How machine learning can help drive the next pharmaceutical research renaissance
By Derek Baird
The promise, that machine learning has the ability to derive critical insights from clinical data to rapidly advance medical research, has been recognized and embraced by early adopters. We are now in a position where the use of machine learning in the pharma industry is rising exponentially with a growing number of companies exploring and leveraging the new possibilities offered by machine learning. They see the incredible potential of Artificial Intelligence (AI) to accelerate the analysis of data, run large complex scientific queries in rapid succession, and then identify patterns, insights and proposed solutions that are impossible for expert human brains to do alone.
Such innovation is likely to have a significant impact on the life sciences landscape, playing a critical role throughout the entire drug discovery and development pipeline—from early-stage target identification to late-stage market access. Two very exciting areas where AI is already having an impact are patient stratification and synthetic control arms. Recent data and technology advances are starting to yield compelling results.
Using AI approaches to analyze large real-world datasets can quickly provide scientists a clearer view of homogenous patient cohorts within diverse populations. Better cohort identification supports more refined patient stratification and allows scientists to look at patient characteristics over time to identify disease progression. This will help researchers better understand the underlying biology of diseases, develop more targeted therapeutics, and begin to deliver on the vision of personalized medicine.
This type of stratification is supported by machine learning-powered clustering. An excellent example of this can be seen in a recent project in the UK, where supervised and unsupervised deep clustering algorithms were applied to electronic medical record (EMR) data on large patient populations to identity relevant sub-grouping within a heart failure population. AI helped to more accurately determine which patients had experienced heart failure based on their vital signs and lab work. The researchers were then able to quickly identify more than 20 contributing factors, and group patients into five major sub-cohorts based on overlapping constellations of factors.
Synthetic control arms
It’s well known that traditional clinical trial approaches are challenging and risky. They can take years to complete and are subject to high failure rates. Given the challenges associated with assembling participants in significant numbers, and ethical concerns around giving placebos to sick patients, the practice of creating virtual – aka ‘synthetic’ – patient populations to serve as control groups has a number of clear benefits. While the practice of creating virtual populations has been around for years, the level of sophistication required to use this technique effectively in clinical trials is a much more recent development, and while the FDA (US Food and Drug Administration) has recently been approving its use in certain circumstances, they are rightly applying very strict evaluation criteria to both algorithm and data set design.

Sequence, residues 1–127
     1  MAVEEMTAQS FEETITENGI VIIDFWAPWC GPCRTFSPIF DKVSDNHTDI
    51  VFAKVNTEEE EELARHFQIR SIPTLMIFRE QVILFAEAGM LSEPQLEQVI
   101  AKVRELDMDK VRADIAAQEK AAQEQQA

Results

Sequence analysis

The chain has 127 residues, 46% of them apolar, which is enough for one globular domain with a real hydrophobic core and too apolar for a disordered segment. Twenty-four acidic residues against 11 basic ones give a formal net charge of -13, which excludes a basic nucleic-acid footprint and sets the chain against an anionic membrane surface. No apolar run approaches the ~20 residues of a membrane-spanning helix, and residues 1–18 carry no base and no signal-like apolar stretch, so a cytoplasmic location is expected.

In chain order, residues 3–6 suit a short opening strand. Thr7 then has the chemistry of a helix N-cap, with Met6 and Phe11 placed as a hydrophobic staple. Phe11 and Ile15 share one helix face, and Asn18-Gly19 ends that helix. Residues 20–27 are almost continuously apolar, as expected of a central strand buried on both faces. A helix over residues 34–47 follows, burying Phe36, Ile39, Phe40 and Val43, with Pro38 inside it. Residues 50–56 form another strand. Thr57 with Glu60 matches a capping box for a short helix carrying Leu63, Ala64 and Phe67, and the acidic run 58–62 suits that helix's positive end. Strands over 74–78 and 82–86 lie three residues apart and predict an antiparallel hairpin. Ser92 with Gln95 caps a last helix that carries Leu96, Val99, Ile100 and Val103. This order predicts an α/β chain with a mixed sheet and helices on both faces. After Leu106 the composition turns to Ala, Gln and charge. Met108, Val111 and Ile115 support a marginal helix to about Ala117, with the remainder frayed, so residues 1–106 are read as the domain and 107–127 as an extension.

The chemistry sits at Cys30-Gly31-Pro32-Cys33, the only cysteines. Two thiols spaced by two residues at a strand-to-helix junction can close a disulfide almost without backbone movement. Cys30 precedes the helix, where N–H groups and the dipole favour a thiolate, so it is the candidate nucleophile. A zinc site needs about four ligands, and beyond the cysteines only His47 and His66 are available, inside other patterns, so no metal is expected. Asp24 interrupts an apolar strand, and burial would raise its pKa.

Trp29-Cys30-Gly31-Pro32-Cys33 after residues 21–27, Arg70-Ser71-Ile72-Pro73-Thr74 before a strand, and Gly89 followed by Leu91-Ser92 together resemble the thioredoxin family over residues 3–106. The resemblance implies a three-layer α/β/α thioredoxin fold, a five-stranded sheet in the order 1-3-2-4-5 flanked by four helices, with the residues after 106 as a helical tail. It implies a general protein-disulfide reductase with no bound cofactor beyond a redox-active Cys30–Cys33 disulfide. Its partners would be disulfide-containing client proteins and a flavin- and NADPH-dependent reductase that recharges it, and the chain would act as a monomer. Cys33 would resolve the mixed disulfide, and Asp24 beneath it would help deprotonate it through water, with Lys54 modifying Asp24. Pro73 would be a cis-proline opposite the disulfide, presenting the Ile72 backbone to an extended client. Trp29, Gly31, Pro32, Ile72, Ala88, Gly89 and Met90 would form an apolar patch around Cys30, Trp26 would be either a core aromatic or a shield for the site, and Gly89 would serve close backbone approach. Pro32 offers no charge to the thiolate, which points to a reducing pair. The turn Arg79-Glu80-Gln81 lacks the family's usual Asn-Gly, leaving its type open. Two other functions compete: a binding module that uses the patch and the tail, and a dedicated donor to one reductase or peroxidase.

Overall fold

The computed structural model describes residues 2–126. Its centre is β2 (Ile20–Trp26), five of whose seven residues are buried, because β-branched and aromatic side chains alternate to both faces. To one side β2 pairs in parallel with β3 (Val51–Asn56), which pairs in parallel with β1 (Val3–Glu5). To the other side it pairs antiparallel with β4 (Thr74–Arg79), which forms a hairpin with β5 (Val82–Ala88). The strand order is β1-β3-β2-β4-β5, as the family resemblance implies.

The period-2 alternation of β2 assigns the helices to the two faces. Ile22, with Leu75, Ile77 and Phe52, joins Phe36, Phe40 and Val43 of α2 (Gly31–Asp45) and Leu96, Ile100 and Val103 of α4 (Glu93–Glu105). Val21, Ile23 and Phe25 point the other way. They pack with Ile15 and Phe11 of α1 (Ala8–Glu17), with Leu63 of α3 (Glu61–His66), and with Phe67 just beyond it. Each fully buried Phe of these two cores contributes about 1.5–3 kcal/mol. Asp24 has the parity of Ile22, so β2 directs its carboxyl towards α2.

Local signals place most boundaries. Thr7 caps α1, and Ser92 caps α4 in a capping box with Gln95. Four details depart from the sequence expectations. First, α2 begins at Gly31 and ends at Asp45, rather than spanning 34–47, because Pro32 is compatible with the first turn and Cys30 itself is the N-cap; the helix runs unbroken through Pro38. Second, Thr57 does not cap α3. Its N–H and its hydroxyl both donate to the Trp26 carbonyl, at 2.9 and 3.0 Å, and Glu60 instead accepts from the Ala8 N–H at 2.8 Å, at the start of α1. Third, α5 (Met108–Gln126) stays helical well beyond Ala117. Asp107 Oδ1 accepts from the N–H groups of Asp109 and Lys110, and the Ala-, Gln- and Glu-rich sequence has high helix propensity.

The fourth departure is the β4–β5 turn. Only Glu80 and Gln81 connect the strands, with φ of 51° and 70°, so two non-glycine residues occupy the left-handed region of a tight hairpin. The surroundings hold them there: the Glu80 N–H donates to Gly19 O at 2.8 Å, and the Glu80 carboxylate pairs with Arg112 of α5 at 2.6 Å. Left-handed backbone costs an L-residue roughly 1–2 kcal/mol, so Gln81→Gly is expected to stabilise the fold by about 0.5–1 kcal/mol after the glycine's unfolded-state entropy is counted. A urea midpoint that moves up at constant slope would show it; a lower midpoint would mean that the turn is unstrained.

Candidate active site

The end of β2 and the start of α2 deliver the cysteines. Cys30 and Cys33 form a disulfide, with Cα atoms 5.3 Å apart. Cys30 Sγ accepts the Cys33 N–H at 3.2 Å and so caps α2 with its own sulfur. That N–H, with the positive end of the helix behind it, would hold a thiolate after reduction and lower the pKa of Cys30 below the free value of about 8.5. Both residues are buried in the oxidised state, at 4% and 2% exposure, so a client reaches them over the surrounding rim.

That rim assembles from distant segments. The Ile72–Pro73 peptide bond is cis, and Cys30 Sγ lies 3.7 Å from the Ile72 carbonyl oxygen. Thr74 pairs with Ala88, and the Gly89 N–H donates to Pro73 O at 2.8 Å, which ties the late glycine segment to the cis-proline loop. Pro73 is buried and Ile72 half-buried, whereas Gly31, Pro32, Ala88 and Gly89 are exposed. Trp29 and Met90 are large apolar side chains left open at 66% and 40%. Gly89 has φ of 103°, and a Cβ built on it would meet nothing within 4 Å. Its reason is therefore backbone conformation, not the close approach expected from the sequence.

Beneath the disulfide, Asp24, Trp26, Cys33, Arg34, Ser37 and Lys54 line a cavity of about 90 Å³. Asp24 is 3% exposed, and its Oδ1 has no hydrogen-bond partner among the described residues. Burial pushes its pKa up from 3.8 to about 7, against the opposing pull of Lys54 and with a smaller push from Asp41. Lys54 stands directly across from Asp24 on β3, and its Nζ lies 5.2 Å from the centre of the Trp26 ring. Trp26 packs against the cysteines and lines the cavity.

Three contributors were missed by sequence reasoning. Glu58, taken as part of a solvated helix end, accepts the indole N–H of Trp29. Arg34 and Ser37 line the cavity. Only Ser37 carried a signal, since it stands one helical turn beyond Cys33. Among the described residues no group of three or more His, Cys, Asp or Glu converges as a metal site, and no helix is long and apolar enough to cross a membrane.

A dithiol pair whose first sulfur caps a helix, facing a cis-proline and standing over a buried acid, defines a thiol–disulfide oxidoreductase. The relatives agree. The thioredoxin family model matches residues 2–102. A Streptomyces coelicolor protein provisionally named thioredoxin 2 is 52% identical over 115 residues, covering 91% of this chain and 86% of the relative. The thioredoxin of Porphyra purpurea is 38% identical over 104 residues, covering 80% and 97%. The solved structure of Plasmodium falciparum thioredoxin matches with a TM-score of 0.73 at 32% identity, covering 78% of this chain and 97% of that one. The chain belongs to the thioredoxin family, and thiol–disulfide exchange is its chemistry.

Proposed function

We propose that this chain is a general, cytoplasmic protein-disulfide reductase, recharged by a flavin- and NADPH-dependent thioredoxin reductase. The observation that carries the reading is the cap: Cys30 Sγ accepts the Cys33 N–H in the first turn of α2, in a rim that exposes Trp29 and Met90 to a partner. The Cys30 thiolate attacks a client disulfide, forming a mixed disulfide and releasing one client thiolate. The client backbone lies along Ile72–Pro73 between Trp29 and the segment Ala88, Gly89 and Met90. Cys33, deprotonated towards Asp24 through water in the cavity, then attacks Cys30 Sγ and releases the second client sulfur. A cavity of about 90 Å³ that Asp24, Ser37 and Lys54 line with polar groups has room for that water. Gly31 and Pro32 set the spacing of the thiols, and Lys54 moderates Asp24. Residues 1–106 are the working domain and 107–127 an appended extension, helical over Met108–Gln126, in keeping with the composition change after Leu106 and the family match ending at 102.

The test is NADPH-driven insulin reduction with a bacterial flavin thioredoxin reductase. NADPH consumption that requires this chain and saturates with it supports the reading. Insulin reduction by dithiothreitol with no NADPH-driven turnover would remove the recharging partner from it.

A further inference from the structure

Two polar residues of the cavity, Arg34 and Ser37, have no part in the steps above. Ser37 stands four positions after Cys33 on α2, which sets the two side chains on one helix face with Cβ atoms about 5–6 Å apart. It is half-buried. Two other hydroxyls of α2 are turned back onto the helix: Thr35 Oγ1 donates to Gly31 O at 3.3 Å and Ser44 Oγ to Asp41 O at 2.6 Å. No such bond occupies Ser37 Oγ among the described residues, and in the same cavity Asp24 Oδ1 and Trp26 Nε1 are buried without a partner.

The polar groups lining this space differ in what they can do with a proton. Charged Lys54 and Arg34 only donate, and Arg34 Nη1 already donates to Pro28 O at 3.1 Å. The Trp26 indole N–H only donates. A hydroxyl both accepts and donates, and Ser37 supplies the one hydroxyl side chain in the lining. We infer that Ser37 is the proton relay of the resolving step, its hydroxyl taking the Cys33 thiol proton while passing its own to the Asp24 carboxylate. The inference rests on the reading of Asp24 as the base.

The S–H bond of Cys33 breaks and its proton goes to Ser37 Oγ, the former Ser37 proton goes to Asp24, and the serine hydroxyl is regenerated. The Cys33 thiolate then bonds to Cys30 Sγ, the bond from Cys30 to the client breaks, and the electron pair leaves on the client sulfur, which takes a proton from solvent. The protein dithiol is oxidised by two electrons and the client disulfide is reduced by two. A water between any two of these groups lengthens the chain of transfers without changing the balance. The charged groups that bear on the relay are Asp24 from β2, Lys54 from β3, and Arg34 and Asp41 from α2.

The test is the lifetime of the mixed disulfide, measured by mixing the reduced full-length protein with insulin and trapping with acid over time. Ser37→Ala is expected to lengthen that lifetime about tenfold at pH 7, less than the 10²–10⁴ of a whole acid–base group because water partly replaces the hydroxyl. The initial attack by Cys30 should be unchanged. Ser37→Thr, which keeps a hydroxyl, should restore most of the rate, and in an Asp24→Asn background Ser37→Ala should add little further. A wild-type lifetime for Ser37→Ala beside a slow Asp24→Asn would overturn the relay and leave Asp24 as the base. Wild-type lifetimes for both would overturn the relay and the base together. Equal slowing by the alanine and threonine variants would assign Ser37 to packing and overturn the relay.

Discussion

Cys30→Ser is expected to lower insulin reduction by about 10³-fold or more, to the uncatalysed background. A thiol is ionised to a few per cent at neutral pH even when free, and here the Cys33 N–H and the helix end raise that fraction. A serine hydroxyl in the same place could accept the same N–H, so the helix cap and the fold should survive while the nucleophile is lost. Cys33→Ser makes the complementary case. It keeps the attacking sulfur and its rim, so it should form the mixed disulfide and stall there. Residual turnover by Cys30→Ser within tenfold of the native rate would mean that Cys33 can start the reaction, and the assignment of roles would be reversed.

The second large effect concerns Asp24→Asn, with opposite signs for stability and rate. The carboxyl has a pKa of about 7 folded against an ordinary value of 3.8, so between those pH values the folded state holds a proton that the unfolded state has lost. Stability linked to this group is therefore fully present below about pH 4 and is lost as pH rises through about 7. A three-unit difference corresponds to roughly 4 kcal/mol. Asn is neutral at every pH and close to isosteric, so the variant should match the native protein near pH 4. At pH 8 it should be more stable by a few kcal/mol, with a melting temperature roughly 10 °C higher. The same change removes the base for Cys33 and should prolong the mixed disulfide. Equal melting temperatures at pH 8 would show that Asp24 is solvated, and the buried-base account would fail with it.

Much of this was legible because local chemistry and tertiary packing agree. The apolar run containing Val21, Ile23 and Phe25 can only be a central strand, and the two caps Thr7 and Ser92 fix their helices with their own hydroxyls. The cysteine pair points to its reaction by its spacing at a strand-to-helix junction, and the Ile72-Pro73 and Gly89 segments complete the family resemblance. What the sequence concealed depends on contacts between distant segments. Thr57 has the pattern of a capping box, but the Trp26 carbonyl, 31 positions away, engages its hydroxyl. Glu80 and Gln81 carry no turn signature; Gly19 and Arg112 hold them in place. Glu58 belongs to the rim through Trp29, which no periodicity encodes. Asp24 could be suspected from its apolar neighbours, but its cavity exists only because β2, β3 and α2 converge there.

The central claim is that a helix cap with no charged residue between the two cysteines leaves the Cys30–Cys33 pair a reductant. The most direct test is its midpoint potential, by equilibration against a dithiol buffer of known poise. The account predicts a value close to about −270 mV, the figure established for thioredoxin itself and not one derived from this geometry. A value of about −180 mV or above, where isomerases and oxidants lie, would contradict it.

In order to be effective and meet the very high standards currently being applied to synthetic controls by regulatory bodies, synthetic controls must be carefully constructed. Not only do the algorithms for modelling the population need to be extremely accurate and unbiased, but the data sets used to construct the virtual population must meet exacting requirements. Population size and diversity, as well as the depth of data (potentially including EMR, genomic and claims data), are critical criteria for constructing appropriate synthetic control groups.
As in the case of using clustering techniques for patient stratification, the key to significantly improving clinical trial design with synthetic control arms is combining deep, longitudinal patient, clinical research and clinical trial data with advanced AI and ML technologies. This approach offers the promise of faster and more efficient clinical trials, with much less time required to recruit suitable patients, and no need to administer placebos and diagnostics that can potentially be detrimental to the patient’s health. With the volume of available data continuing to increase, synthetic control arms could become the fastest and safest way for pharma companies to carry out research into diseases.
AI is on a clear path to play an ever more critical role in meeting many of the challenges faced in pharmaceutical and life sciences development. As the technical sophistication of AI continues to increase, its likely even very large pharma companies will keep partnering with external AI experts to ensure best practices and optimal results. Together, pharma and AI companies can work together in driving the next pharmaceutical research renaissance, using AI to focus research more effectively, and bringing products to market more quickly, safely, and effectively.
Derek Baird Biography:
Derek Baird is responsible for building Sensyne Health’s U.S. operations and setting the global strategy for the SENSE clinical AI platform. Previously, Derek was SVP of Growth for AVIA where he led the development of a national network of 50+ health systems and payers seeking to digitally transform their organizations. Prior to AVIA, Derek was an SVP for Health Language, guiding the company through explosive growth and its 2013 sale to Wolters Kluwer Health. He has also held marketing and product management leadership positions at Zynx Health and Practice Partner (acquired by McKesson). Derek is an investor in, and advisor to, several digital health companies.
He holds an MBA from the UCLA Anderson School of Management and a BA in Business Administration from the University of Washington.